Save energy, money with new LED holiday lights

 

LED lights

Replacing those old traditional incandescent decorative lights with high-efficient LED (light-emitting diode) bulbs is one of the best ways to conserve energy and save money during the holidays.

When shopping for LED holiday lights, look for the ENERGY STAR label to ensure that the product meets strict energy efficiency guidelines set by the U.S. Environmental Protection Agency. ENERGY STAR-qualified appliances, lighting and electronics use less energy than their older, energy-hog counterparts. Learn more about decorative LEDs at www.energystar.gov.

 

LEDs offer many advantages

ENERGY STAR-qualified LED decorative lights are exceptionally energy efficient, many using up to 90 percent less energy than conventional incandescent bulbs to produce the same amount of light. Plus, they can last up to 10 times longer than traditional incandescent lights. For example, the electricity consumed by just one seven-watt incandescent bulb could power 140 LEDs, or enough to power two 24-foot strings.

The cost of buying and operating LED lights for 10 holiday seasons would be about $18 compared with $122 for incandescent bulbs, according to the U.S. Department of Energy. In addition to consuming less electricity and costing less, LED holiday lights are:

  • LEDs are much cooler than incandescent bulbs, reducing the risk of combustion or burnt fingers.
  • LEDs are made with epoxy lenses, not glass, and are much more resistant to breakage.
  • Longer lasting. The same LED string could be in use for 40 holiday seasons.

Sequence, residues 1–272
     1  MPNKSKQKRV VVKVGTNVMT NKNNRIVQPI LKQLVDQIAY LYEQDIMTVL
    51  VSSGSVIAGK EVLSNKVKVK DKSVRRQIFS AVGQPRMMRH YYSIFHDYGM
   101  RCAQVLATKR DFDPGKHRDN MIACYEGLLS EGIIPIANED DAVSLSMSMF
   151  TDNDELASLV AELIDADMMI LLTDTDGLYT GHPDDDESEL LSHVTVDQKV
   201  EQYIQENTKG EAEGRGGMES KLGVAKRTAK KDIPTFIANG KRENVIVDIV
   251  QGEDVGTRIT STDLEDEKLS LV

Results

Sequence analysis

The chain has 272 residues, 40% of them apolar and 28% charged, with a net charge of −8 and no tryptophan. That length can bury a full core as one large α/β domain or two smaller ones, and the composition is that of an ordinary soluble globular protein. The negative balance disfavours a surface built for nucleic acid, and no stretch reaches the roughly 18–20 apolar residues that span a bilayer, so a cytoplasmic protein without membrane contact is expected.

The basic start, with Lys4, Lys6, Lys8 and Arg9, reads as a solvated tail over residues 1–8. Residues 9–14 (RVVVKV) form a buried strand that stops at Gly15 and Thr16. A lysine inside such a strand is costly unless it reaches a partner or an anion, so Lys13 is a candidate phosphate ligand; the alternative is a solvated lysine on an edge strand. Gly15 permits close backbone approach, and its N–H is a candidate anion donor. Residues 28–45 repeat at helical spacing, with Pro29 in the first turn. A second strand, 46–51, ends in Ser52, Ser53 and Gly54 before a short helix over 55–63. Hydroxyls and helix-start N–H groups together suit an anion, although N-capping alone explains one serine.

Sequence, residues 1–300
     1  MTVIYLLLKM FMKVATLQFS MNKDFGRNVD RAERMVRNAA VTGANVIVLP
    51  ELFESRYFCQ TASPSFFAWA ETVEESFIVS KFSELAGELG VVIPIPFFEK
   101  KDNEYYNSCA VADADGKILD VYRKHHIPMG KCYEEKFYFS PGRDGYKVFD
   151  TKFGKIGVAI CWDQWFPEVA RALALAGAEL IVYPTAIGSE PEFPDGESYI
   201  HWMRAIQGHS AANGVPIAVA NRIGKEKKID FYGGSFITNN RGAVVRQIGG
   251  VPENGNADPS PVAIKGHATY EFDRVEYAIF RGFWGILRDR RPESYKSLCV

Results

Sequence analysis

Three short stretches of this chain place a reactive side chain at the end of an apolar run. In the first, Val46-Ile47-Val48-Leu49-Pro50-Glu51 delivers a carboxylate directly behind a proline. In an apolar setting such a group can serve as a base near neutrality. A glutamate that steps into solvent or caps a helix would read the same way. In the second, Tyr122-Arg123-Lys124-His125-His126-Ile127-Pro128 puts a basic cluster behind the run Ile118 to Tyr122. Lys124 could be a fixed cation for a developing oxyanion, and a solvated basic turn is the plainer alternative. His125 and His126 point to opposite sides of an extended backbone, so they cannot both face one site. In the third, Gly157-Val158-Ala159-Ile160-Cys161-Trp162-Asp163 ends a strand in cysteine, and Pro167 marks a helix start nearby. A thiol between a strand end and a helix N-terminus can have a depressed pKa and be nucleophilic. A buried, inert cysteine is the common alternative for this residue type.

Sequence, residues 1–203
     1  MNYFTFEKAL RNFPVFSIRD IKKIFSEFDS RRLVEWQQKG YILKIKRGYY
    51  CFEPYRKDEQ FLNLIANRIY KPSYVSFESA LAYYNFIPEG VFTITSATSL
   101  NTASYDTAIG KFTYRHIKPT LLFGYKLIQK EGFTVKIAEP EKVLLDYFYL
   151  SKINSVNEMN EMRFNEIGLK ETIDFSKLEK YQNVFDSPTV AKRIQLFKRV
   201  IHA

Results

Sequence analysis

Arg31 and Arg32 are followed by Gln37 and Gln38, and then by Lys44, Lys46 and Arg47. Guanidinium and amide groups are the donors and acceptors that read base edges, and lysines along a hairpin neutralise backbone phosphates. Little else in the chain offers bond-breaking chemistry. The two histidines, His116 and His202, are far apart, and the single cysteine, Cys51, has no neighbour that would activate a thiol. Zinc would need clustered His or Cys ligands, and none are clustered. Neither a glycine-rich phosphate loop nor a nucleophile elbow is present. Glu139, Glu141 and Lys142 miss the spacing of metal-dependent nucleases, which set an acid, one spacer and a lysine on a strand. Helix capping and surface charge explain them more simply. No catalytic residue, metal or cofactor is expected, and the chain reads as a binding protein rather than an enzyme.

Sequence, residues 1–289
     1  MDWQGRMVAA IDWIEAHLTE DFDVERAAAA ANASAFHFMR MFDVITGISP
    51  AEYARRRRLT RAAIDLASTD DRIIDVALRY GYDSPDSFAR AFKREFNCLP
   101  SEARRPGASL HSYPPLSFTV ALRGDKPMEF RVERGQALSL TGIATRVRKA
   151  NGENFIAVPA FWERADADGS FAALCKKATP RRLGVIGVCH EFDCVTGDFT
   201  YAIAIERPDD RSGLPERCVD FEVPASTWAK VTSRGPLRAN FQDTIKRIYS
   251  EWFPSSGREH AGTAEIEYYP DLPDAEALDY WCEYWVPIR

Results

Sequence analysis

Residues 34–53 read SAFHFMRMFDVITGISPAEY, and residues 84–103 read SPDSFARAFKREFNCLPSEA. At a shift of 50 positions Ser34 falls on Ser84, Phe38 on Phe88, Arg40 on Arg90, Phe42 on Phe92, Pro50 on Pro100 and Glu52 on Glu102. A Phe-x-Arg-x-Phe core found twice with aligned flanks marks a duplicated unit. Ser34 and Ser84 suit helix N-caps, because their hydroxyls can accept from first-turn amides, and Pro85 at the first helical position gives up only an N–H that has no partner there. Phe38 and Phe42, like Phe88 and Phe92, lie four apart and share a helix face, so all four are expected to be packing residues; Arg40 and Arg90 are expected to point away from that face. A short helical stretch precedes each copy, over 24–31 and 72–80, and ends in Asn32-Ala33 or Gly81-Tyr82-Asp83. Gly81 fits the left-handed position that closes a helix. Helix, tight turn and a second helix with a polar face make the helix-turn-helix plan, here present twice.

• Easier to install. Up to 25 strings of LEDs can be connected end-to-end without overloading an electrical outlet.

Timers and dimmers for those holiday lights will help conserve even more energy. Watch for rebates that will help defray the cost of LEDs and other energy-efficient lighting products; many electric utilities offer rebates for LEDs (visit www.dsireusa.org to learn of rebates from your utility).

 

Recycle those old lights

Be sure to recycle your old holiday lights. The Recycling Association of Minnesota and the Clean Energy Resource Teams (CERTs) are once again working together to provide Recycle Your Holidays, a program with hundreds of drop-off sites across the state to recycle old, tangled, and broken holiday lights. The program runs through the end of January.

Learn more about Recycle Your Holidays and recycling sites near you.

 

Minnesota Energy Tips is provided twice a month by the Minnesota Department of Commerce, Division of Energy Resources. Contact the division’s Energy Information Center at energy.info@state.mn.us or 800-657-3710 with energy questions.